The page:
Constitutional Law

Woman jailed 96 days without hearing or lawyer can't sue after charge is tossed, federal judge rules

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A woman who was indicted on a charge that turned out to be unsupported by the evidence can’t sue, even though she was jailed in Mississippi for 96 days without an arraignment or lawyer, a federal judge has ruled.

The plaintiff, Jessica Jauch, had no right to an initial appearance or preliminary hearing because she had been indicted, according to the Sept. 30 opinion (PDF) by U.S. District Judge Sharion Aycock of Aberdeen, Mississippi. The Associated Press covered the decision.

Though Jauch asserted her innocence in jail and asked to see a judge, she did not request a lawyer during her confinement and her right to counsel wasn’t violated, Aycock added.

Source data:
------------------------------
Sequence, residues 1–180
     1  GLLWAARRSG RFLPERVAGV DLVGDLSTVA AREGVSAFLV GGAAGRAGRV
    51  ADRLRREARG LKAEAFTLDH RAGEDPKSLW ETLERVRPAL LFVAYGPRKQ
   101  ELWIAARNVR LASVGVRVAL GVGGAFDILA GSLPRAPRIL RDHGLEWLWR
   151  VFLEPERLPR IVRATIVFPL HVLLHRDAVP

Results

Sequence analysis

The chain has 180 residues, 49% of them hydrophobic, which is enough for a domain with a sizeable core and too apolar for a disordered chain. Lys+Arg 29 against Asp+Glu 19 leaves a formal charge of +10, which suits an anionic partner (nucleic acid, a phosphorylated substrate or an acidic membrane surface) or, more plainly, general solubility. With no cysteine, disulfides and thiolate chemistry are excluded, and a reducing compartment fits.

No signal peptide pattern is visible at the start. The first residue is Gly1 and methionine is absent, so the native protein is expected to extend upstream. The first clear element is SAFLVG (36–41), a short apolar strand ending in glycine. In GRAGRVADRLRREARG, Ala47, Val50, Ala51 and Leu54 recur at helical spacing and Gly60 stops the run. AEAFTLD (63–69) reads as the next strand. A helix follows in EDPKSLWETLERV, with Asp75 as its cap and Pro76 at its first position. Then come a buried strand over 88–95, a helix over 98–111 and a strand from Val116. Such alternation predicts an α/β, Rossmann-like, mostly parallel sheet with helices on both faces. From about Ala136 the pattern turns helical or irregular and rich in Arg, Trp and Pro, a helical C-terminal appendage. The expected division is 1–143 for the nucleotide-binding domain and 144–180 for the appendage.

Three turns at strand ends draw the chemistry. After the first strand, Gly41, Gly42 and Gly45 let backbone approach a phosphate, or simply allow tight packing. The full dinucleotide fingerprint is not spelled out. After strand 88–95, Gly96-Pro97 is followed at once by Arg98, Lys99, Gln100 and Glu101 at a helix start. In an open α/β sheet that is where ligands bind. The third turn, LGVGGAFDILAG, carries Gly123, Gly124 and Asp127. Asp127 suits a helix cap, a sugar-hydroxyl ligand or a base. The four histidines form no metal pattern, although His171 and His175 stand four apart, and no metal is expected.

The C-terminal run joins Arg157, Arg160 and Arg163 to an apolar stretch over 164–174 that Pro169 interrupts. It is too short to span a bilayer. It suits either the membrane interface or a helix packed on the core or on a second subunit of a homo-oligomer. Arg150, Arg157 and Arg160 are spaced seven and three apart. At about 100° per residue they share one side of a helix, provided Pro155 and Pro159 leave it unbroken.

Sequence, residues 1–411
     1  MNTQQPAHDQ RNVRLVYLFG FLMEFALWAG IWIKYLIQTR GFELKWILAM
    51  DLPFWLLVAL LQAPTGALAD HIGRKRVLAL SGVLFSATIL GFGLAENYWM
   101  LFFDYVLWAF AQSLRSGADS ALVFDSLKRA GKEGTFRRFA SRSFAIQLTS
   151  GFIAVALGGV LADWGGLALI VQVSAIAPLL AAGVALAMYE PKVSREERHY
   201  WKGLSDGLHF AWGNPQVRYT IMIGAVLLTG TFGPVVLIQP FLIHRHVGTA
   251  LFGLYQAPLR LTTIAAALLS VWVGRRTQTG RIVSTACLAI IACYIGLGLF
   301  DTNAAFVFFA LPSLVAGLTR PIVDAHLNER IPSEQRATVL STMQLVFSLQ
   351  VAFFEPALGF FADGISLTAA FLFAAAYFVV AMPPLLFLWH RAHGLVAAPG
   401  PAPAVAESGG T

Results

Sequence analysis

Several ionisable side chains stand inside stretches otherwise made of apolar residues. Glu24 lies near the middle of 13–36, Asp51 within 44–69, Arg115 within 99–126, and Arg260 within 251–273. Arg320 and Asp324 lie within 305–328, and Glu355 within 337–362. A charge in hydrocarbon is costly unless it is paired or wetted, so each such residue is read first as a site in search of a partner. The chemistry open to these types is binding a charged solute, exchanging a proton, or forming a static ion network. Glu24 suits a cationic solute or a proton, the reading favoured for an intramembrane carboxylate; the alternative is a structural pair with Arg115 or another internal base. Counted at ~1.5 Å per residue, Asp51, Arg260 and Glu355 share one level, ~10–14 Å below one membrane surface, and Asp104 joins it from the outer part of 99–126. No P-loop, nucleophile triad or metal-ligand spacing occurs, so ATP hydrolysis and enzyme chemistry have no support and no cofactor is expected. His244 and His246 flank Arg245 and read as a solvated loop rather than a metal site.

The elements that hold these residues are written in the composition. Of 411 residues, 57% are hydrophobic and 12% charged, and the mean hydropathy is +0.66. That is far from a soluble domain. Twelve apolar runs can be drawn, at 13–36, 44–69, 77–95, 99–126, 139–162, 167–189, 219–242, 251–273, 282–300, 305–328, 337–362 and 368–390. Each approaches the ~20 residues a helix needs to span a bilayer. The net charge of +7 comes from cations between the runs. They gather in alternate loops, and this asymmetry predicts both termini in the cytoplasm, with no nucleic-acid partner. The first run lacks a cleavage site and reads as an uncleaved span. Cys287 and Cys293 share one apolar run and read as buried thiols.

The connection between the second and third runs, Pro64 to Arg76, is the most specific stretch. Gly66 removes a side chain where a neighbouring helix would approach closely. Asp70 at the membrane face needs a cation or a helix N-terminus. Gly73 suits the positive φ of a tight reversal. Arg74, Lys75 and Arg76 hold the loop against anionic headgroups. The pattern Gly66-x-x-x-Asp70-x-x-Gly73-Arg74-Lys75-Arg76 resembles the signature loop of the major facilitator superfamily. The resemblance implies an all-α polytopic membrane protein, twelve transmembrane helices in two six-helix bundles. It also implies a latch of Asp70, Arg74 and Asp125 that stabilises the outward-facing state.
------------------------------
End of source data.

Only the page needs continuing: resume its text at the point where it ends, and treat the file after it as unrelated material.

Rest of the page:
Jauch was jailed in Chocktaw County after police pulled her over for traffic violations in April 2012 and noticed she had an outstanding arrest warrant, according to the decision. The arrest warrant stemmed from Jauch’s indictment on a charge of selling a controlled substance.

Jauch had claimed a violation of her right to counsel, to bail and to liberty. According to her suit, the charge was based on a video said to show Jauch selling narcotic pain medication to a confidential informant. But the video actually showed Jauch borrowing $40 from a person she believed to be a friend, her suit says. The narcotics agents apparently never bothered to view the videotape, and the indictment was obtained based on the informant’s lies, the suit said.

Jauch’s lawyer viewed the tape and contacted the prosecutor, who viewed the tape and dropped charges, according to the complaint.

Jauch has filed notice of appeal. According to AP, the decision “has flummoxed civil liberties advocates, who have been waging legal battles to reform Mississippi’s criminal justice system, which provides almost no state funding for public defenders.”

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